This morning, I walked to work. It’s three miles and it takes 1 hour. This may not sound like a huge commute but I usually take the bus so getting myself up and ready on a Monday to do this deserves a pat on the back I think.
While walking through the park with a friend, we noticed people across the road with buckets of flowers. One man crossed the road to approach us. My instant internal reaction was “Please, don’t come and talk to me, It’s Monday, I haven’t had any coffee yet, I can’t be held responsible for how rudely I may dismiss you” I expected the man to approach me asking for money. Instead, he held a flower out and said “can I give you a flower for carer’s week?” immediately my heart melted.
I may have taken the flower awkwardly and practically ran away, not used to this kind of exchange, but I’m writing this now to show my appreciation because this has spurred me to start talking to people about it.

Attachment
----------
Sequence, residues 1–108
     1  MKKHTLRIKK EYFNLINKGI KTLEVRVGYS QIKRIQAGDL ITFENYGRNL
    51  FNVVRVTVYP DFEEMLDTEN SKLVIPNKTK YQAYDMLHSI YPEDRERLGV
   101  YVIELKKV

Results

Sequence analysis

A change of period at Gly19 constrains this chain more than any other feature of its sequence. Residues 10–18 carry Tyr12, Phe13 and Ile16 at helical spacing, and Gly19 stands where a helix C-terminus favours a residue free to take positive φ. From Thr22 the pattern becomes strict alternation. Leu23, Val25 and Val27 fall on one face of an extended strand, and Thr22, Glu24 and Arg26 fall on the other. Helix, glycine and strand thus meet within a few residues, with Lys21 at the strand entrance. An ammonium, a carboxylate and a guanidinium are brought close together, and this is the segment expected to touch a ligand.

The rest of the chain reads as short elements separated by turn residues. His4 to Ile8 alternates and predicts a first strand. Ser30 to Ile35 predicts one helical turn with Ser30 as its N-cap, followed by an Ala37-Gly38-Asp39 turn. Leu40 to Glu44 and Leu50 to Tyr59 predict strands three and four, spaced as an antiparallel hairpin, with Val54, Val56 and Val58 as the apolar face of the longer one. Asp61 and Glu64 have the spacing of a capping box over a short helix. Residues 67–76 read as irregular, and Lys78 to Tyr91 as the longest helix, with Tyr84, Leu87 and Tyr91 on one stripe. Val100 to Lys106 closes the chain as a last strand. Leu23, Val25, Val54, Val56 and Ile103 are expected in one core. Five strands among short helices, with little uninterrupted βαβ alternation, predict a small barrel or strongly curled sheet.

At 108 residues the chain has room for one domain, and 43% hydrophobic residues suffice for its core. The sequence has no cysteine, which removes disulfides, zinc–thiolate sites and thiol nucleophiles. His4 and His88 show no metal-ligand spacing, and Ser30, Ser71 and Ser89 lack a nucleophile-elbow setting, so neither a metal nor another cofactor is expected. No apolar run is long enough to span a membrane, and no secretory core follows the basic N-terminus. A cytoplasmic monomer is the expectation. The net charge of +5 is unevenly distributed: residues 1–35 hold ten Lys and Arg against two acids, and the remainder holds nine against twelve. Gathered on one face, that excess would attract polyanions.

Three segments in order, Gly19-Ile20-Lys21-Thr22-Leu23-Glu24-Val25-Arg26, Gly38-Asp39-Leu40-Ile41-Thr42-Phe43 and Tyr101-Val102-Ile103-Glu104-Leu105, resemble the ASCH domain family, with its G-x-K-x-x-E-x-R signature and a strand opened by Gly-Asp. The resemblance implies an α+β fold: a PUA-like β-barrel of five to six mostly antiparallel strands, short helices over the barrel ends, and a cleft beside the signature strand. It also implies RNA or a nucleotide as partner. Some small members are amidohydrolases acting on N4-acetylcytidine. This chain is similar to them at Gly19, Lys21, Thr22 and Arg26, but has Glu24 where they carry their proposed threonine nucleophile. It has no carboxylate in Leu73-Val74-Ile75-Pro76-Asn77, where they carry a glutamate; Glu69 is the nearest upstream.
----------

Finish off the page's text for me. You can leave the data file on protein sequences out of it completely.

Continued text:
No one wants to think about having to take care of a loved one. Many of us assume that if something happened, help would be there and we hope that it will be adequate and of high quality. Through illness or old age, it’s a situation any of us could face at any time. And more often than not, families cannot afford the care needs of people closest to them.
There are people, a ‘silent army’ as Carers in Southampton put it, who look after loved ones who are unable to look after themselves. This strikes a particular chord with me as my Grandmother spent almost 2 years taking care of my Grandfather who had both Parkinson’s disease and Alzheimer’s.
Asked only about her finances, my Nan did not get the help she wanted for them and so took care of Granddad as long as she possibly could with some help from my parents. But it was a 24/7 deal even with others around to support. There aren’t enough metaphors or similes for me to describe how incredibly strong and brave she is, nor enough flowers to show how grateful we all are to her.
Now this may be taking a very sad turn, but this is the point. No on talks about it, no one teaches you about it in School. People don’t like talking about it. The fact I keep using “it” instead of saying caring for someone demonstrates just how tricky a topic this is. And it’s not just about elderly care! There are young people who take care of parents, there are friends that take care of friends with long term conditions. Unpaid carers step in where there is no support. And they need a support network too!